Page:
It's a terrible title. When you hear "Captain Fantastic," you think of a superhero movie, particularly because it's summer. Or, if you're of a certain age, you think of Elton John's 1975 album and expect the Brown Dirt Cowboy to come sauntering in.
What you don't think of is a movie about a family, but that's what "Captain Fantastic" is. It's not your ordinary family, though. Viggo Mortensen is terrific as Ben, the father of six kids he's raising in the woods in the Pacific Northwest. They live off the grid, killing animals for food, learning how to defend themselves, and reading books. He teaches them the philosophy of Noam Chomsky, how organized religion oppresses people, and how government should work, but doesn't. There's a thin line between what Ben's doing with his kids and any cult or militia leader you care to name, but it's clear he loves these children, and there's no doubt he's raised them to think for themselves. The child actors who play them are all very good.
Then something happens that forces Ben and his brood to enter the real world, where they are exposed to people and things they've never encountered before. It's that clash that's at the heart of the "Captain Fantastic" story, and I won't tell you much more because I don't want to ruin it except that Frank Langella is perfect as the antagonist, with Kathryn Hahn and Steve Zahn in nice supporting roles.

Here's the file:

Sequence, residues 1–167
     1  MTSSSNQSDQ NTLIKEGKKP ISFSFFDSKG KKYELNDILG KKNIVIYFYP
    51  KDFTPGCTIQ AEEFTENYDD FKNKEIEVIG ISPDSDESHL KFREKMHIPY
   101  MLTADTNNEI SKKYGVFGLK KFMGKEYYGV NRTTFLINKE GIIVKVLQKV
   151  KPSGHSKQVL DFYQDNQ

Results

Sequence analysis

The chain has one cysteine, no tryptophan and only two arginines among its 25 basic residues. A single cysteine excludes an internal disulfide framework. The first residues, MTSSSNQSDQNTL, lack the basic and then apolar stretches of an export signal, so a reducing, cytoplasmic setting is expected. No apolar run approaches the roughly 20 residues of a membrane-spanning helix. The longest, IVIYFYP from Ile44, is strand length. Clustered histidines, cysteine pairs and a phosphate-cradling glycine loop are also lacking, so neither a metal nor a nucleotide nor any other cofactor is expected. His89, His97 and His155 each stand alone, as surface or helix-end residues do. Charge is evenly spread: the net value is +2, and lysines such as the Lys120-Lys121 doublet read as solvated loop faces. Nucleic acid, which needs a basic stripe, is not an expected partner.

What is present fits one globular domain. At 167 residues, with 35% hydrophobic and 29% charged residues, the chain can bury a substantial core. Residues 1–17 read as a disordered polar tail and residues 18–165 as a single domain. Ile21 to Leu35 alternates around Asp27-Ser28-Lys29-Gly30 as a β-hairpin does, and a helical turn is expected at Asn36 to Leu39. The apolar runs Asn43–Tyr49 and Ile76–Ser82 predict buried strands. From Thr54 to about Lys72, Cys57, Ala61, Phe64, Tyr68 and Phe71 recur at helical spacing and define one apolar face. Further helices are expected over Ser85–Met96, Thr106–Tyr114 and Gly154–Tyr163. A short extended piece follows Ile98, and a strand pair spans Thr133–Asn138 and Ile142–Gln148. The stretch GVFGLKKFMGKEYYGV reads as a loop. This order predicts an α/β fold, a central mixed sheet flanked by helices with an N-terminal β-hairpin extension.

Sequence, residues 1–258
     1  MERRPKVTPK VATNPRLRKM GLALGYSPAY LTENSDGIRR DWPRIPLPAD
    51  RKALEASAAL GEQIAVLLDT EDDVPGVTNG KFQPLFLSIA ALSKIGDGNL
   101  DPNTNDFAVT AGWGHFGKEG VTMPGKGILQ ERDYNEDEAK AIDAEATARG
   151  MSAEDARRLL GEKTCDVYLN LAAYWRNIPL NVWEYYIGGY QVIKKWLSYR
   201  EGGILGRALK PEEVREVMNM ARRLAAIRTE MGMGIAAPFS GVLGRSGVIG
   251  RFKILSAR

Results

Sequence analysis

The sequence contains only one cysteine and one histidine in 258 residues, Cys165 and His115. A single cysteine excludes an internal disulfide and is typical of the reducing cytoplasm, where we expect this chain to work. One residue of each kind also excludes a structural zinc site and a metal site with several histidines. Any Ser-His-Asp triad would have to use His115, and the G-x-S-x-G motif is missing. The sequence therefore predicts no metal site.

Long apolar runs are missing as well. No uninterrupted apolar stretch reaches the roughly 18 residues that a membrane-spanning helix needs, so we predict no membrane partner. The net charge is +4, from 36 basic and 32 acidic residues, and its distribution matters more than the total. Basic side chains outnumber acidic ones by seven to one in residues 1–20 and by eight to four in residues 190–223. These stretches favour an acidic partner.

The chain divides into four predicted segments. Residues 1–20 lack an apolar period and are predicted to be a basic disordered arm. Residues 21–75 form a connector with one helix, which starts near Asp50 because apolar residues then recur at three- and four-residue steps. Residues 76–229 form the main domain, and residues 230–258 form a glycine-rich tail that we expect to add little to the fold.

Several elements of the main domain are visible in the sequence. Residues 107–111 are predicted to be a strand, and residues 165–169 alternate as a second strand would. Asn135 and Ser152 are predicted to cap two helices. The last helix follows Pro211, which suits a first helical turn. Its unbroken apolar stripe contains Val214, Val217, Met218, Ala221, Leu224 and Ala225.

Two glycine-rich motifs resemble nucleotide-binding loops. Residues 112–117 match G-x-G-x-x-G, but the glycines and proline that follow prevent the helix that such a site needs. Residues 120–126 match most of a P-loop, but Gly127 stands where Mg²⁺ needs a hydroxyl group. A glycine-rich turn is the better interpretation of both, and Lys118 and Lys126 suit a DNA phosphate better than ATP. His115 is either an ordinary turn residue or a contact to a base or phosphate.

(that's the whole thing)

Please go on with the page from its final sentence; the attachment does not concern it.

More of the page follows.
"Captain Fantastic" is an original and clever story, well-written and directed by Matt Ross (who you might know as Gavin Belson on HBO's "Silicon Valley"). It raises questions about parenting and grief that should spark some debate among those who see it. I strongly recommend it as one of the best movies I've seen this year, with a rating of 8.5 out of 10.